Some say a fee is justified because cyclists don’t pay for roads, but that’s not true. Cyclists pay gas taxes (yes, many own cars, too!) along with sales and property taxes that pay for roads, and nationally gas taxes only cover 51 percent of road costs.

Moreover, cycling takes place mostly on local roads, which rely relatively little on gas taxes. If the city charges residents for cycling, should we charge pedestrians a fee, too, to pay for sidewalks?

Without enforcement of a licensing program, few people are likely to do it and the city won’t generate much money. But to do enforcement – to find all the bikes in Chicago and make sure the fee is paid annually – the city would have to create a new program that is likely to consume most or all of the new revenues.

And what about people who don’t live in Chicago but cycle in the city like suburban commuters and tourists? Do they need a license, too? How do the police know if a bike parked on the street without a license sticker belongs to a Chicagoan or not?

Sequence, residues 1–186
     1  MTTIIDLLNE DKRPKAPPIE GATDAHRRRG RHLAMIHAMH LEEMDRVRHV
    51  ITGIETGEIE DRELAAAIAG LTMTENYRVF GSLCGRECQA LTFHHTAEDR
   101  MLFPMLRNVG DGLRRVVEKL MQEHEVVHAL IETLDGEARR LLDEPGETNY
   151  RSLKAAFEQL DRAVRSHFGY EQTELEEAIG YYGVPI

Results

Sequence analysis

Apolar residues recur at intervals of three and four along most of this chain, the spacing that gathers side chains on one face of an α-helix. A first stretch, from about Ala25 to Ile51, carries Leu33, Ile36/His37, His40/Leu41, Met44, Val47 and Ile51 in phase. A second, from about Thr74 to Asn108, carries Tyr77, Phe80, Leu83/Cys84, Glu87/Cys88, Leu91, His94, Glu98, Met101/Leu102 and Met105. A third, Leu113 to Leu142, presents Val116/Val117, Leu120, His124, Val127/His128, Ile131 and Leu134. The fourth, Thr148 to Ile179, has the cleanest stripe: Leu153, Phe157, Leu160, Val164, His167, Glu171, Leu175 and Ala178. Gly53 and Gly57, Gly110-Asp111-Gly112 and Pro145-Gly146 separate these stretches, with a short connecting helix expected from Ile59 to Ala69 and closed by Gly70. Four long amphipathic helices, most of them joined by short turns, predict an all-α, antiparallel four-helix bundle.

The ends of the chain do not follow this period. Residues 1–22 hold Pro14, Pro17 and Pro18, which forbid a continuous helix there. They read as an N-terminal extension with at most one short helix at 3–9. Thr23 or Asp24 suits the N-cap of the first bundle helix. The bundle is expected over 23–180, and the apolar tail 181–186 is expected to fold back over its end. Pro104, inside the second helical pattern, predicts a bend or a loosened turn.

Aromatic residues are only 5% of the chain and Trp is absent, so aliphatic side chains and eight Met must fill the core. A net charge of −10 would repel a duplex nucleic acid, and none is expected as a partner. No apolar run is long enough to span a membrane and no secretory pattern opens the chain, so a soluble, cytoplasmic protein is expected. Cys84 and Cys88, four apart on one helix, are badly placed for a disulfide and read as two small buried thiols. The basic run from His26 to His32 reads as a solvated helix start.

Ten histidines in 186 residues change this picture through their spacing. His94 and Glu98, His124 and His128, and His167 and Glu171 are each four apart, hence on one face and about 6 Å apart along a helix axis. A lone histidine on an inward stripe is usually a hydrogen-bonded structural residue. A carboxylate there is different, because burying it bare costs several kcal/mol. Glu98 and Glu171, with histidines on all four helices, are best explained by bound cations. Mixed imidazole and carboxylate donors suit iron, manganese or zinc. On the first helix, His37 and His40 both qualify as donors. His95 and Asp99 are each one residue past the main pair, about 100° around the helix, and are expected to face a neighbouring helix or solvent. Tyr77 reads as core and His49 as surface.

Logistically, it would be very difficult to give millions of Chicagoans bike education in a stand-alone class, but we have long advocated for folding bike and pedestrian education into state drivers tests, drivers education classes or school physical education classes.

Another simple and effective way to improve safety is for police to step-up issuance of tickets under the existing legal authorities. We do like the idea of mandatory safety education for people who get certain traffic tickets, and that could apply to cyclists as well.

 

This blog post was revised on Oct. 24, 2013.

 

 

You're invited to the Hon. Bobby Cann Way dedication ceremony

On October 25, 2013 at 1 p.m., the city of Chicago will hold a public ceremony dedicating a portion of North Clybourn Avenue to Robert “Bobby” Cann, a cyclist who was struck and killed by a motorist on the street earlier this year.